It should be noted that the second crystallized regions B2 generated in the second laser illumination step and the first crystallized regions B1 must have sufficient overlap to make sure the random portion near the rear edge of the first crystallized region B1 is repaired. Thus, it is predictable that in order to form a qualified polycrystalline layer, the distance D1 between the first crystallized region B1 and the respected second crystallized region B2 must be smaller than the length S1 of the lengthwise edges of the first crystallized region B1. That is, the distance D1 must be smaller than the length X1 of the lengthwise edges of the transparent region of FIG. 8A multiplied by the projecting ratio with which the transparent region projecting on the amorphous layer.

In FIG. 8A, the mask moves rightward for the following laser illumination steps to repair the random portion near the rear edge of the first crystallized regions. However, the direction of the movement of the mask should not be a limitation in the present invention. The only limitation in accordance with the present invention is that the distance D1 between the first crystallized region B1 and the respected second crystallized region B2 must be smaller than the length of the lengthwise edges of the crystallized regions B1, B2.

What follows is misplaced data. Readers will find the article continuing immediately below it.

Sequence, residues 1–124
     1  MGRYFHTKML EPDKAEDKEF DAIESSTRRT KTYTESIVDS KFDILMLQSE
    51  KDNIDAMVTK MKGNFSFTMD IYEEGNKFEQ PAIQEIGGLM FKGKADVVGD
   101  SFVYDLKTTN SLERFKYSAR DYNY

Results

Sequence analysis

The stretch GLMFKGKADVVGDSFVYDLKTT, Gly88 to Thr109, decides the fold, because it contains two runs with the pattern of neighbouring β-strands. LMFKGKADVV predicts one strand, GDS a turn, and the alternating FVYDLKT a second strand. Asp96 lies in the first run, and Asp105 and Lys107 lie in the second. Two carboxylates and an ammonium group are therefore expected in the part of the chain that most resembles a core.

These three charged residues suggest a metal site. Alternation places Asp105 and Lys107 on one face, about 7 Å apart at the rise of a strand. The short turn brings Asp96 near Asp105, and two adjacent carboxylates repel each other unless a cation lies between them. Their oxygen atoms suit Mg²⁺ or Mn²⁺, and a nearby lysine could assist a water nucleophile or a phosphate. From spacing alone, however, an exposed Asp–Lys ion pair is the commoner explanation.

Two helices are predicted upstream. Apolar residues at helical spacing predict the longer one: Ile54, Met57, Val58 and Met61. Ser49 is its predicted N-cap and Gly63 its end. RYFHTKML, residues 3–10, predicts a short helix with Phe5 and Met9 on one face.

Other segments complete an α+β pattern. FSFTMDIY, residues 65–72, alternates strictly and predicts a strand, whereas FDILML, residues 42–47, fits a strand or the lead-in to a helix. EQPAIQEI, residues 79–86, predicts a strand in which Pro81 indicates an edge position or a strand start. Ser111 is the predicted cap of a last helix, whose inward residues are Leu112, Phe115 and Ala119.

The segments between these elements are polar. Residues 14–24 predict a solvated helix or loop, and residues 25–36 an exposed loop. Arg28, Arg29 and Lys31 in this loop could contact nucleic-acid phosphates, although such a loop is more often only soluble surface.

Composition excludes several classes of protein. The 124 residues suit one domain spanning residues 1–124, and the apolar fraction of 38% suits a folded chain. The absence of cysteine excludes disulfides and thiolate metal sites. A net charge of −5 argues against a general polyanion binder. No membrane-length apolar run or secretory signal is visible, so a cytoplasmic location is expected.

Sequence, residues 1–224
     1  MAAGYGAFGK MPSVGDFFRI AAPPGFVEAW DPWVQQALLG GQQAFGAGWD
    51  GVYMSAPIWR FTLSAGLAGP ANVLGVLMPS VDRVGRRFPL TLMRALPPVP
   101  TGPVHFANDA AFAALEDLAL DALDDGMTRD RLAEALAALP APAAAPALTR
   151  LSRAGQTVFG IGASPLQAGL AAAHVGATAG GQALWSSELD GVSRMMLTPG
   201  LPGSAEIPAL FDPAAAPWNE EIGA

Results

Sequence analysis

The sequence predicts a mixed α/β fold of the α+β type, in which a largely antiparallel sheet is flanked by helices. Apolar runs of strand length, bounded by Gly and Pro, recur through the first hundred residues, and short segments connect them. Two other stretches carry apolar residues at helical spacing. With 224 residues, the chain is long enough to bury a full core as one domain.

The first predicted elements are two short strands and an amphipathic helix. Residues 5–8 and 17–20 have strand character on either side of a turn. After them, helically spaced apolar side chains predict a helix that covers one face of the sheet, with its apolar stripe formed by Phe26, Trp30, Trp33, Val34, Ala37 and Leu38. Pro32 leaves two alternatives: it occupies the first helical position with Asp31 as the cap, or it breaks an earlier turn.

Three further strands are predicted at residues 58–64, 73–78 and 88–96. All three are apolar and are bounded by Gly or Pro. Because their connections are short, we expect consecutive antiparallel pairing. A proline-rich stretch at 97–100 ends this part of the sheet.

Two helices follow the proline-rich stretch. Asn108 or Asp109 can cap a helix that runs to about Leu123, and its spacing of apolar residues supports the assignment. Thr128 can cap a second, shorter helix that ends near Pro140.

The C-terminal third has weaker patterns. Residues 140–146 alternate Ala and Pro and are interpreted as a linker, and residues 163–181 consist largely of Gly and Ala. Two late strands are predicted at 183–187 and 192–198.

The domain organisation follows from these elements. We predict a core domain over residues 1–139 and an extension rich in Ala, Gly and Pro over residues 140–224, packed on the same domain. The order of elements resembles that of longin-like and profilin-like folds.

As shown in the traditional SLS process of FIG. 6C, the distance between the first crystallized region A1 and the third crystallized region A3 must be smaller than the length of the central portion b with lateral grains for achieving ideal crystallization event. Whereas, as shown in the SLS process in accordance the present invention of FIG. 8B, the distance D1 between the first crystallized region B1 and the respected second crystallized region B2 formed in the two sequential laser illumination steps has no limitation like that.

In detail, assuming the transparent region in accordance with the present invention and the traditional transparent region of FIG. 4A are of the same length, having the front edges of the same shape, and having the rear edges of the same shape but pointing toward opposite directions. It is understood that the length L of the lengthwise edges of the first crystallized region A1 is identical to the length S1 of the lengthwise edges of the first crystallized region B1 minus the distance r between the top of the V-shaped rear edge and a respected edge of the quadrilateral defined by the lengthwise edges of the first crystallized region B1.